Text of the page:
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Where Should Oil Prices Be?

This week marks the sixteenth straight build for oil rigs (+181 or +34.7% since January 13). Gas rigs climbed 11 of the last sixteen weeks, for a total gain of 37 (+27.2%). The number of oil rigs operating in the U.S. rose by 6 to top 700 for the first time since April 2015.

Friday’s combined oil and gas rig count provided by oilfield services provider Baker Hughes showed that the current U.S. mark is now at 870 — up 107.1 percent year-over-year and up 115.3 percent since bottoming out at 404 in May 2016. The count is now at its highest since Aug. 28, 2015 (877).

Even as rig counts continue to climb, oil has been crushed lately. After falling by more than $3 the week before to under $50 per barrel, the price of WTI Crude Oil continued to decline throughout last week. Oil opened April 24 at $49.68 and fell to as low as $48.20 by mid-day April 27 — its lowest mark since March 28 — before rallying to $49.33 by the end of Friday April 28th. Oil opened Monday at $49.17 and is now trading at $46.30 at 2:51 ET.

Energy specialist Art Berman penned an insightful article today on oil prices and we felt compelled to share it here on Oklahoma Minerals.

Oil Prices Plunge To Where They Should Be

Posted in The Petroleum Truth Report on May 5, 2017

WTI oil prices plunged to almost $45 per barrel yesterday (Figure 1). That was a downward adjustment to where prices should be based supply, demand and inventory fundamentals.

Figure 1. Oil Prices Are Testing a $45 Floor. Source: EIA, CBOE, Bloomberg and Labyrinth Consulting Services, Inc.

Analysts invent narratives to explain why things happen after we already know the answer. In this , oil prices fell supposedly because of falling confidence that the OPEC production cuts are working, fears of increasing U.S. shale output, and weakening demand from China.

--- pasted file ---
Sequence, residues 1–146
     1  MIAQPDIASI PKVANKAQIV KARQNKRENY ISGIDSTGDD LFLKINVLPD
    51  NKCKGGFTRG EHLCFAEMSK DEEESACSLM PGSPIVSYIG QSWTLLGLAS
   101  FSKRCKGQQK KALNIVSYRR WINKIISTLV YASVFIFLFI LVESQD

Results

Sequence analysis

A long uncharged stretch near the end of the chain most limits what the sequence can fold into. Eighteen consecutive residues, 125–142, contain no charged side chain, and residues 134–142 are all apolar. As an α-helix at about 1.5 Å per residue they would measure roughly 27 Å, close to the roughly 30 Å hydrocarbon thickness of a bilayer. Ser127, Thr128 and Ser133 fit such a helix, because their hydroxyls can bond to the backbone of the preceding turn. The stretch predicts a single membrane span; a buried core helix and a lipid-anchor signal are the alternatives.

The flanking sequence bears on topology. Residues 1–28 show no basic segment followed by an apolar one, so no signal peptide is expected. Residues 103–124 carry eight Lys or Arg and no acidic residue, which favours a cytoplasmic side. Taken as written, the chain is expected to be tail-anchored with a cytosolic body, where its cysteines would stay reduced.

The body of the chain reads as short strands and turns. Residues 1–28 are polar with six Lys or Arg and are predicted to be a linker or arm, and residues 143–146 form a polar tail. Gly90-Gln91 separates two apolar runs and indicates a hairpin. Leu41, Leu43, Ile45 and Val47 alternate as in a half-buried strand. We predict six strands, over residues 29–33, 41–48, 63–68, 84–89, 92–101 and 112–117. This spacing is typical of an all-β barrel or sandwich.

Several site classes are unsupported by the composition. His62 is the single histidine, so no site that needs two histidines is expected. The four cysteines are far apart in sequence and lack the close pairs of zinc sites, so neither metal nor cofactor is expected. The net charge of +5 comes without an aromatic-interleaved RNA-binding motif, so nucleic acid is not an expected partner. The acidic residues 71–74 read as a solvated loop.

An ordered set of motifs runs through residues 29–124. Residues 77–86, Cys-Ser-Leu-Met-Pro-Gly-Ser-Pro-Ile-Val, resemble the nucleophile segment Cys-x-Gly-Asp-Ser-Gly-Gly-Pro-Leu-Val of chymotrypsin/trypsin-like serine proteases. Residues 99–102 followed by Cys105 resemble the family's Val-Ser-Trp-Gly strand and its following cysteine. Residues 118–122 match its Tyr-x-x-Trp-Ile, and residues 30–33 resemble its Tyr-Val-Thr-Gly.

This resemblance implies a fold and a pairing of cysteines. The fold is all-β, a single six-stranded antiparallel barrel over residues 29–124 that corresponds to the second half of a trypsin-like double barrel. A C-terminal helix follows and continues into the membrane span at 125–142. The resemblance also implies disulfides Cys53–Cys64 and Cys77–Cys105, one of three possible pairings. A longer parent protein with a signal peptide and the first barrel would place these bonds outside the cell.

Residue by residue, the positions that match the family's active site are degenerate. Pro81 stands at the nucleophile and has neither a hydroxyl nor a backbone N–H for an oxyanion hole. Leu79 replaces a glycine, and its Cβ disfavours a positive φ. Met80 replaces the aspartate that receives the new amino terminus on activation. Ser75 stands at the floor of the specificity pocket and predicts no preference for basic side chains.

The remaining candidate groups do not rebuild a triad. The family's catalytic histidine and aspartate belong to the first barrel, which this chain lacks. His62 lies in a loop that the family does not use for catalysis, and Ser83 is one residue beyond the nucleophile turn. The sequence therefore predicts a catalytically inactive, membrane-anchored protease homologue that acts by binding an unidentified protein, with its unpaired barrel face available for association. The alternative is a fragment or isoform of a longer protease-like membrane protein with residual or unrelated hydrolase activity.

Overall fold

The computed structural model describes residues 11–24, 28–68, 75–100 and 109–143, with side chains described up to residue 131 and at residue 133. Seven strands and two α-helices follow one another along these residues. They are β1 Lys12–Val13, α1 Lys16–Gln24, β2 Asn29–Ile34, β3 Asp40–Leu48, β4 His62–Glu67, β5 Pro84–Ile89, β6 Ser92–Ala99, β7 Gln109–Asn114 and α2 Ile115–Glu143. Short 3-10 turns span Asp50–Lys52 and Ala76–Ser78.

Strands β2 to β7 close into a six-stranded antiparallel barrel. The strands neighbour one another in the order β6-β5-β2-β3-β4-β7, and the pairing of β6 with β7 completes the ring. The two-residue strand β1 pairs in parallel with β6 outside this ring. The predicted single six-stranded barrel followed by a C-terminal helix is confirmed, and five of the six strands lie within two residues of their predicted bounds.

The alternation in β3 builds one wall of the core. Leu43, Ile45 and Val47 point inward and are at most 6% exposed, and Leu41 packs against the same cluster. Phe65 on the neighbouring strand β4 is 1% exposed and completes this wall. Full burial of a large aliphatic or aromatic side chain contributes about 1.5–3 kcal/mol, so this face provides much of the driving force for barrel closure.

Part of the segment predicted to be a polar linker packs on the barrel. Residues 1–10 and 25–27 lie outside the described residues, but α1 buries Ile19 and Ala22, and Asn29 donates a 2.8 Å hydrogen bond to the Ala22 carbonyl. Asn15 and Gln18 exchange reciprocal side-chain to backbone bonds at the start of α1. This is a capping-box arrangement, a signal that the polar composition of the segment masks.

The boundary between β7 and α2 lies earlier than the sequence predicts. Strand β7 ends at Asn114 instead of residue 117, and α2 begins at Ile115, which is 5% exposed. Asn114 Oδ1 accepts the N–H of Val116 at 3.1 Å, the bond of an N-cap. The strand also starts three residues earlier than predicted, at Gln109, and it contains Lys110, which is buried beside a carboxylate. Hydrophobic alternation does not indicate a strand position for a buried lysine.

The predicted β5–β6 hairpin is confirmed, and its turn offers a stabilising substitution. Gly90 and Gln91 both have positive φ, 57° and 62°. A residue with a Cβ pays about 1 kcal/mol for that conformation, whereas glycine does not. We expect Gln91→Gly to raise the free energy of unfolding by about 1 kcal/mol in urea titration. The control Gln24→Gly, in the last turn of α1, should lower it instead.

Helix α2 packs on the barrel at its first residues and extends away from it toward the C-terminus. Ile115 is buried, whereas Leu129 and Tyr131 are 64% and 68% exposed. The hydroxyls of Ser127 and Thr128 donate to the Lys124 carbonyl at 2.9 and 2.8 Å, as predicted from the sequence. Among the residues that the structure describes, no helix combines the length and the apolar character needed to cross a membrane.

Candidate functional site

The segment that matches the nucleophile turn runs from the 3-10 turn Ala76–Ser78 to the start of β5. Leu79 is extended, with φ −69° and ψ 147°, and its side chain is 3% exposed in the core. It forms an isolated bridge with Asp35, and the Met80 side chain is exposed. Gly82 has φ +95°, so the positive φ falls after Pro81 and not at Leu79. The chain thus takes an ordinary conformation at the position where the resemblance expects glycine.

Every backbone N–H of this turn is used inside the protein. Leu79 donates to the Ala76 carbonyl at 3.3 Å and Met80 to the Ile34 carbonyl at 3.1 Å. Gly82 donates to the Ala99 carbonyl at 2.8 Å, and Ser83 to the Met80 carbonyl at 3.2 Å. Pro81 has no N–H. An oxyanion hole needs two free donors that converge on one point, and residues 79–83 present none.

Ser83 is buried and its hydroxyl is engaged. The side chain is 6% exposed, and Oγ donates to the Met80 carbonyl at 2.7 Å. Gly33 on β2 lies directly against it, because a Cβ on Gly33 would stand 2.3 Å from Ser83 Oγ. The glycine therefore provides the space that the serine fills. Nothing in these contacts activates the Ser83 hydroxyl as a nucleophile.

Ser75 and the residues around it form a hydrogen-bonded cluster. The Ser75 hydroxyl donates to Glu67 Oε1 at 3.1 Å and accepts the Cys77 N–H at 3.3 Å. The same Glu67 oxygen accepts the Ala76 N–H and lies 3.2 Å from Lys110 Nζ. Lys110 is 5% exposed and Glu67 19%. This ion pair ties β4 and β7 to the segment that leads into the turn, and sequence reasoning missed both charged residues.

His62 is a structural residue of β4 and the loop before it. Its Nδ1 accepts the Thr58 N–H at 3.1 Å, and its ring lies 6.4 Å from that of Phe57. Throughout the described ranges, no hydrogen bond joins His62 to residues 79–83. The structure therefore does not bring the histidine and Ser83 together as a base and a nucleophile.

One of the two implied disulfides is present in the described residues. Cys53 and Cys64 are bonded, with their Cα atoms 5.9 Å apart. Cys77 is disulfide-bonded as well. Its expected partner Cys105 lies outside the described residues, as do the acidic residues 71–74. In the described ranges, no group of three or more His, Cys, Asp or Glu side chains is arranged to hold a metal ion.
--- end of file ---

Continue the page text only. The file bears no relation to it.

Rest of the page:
None of those factors is new nor did they seem to affect the market a few weeks ago when prices were above $53 per barrel.

The real reason that oil prices have fallen is that they were too high and needed to adjust downward. Comparative inventory analysis (Bodell,2009) suggests that the correct price for WTI right now is about $45 per barrel (Figure 2).

Prices rose from that level in November 2016 to almost $55 (black arrows in Figure 2) following announcement of OPEC production cuts. Approximately $10 of “OPEC expectation premium” was included in those higher prices.


Figure 2. $45 Is The Right Price For WTI Based On Comparative Inventories. Source: EIA and Labyrinth Consulting Services, Inc.

In February and March, prices fell from more than $54 to $47 per barrel in the first deflation event shown in Figure 3. Prices then increased to more than $53 in the first half of April before falling to almost $45 per barrel this week during the April-May deflation.

Figure 3. Deflation of the OPEC Expectation Premium. Source EIA, Bloomberg and Labyrinth Consulting Services, Inc.

There is little doubt that the OPEC cuts are real and are working to reduce global inventories. Unrealistic expectations about how quickly markets might re-balance created an expectation premium that is now being deflated as prices adjust to where they should have been all along.

This market has been largely optimistic over the last year so it would not surprise me to see a return to $50 oil prices in the next week or so. At the same time, look for continued price volatility in the tug-of-war between revived expectation premiums and market fundamentals. Inventories will be the critical factor.

Art Berman Petroleum Geologist and Professional Speaker. Visit his website for more information: artberman.com

Check out our proprietary and interactive Rig Count Dashboard.

Compiled and Published by GIB KNIGHT

Gib Knight is a private oil and gas investor and consultant, providing clients advanced analytics and building innovative visual business intelligence solutions to visualize the results, across a broad spectrum of regulatory filings and production data in Oklahoma and Texas. He is the founder of OklahomaMinerals.com, an online resource designed for mineral owners in Oklahoma.

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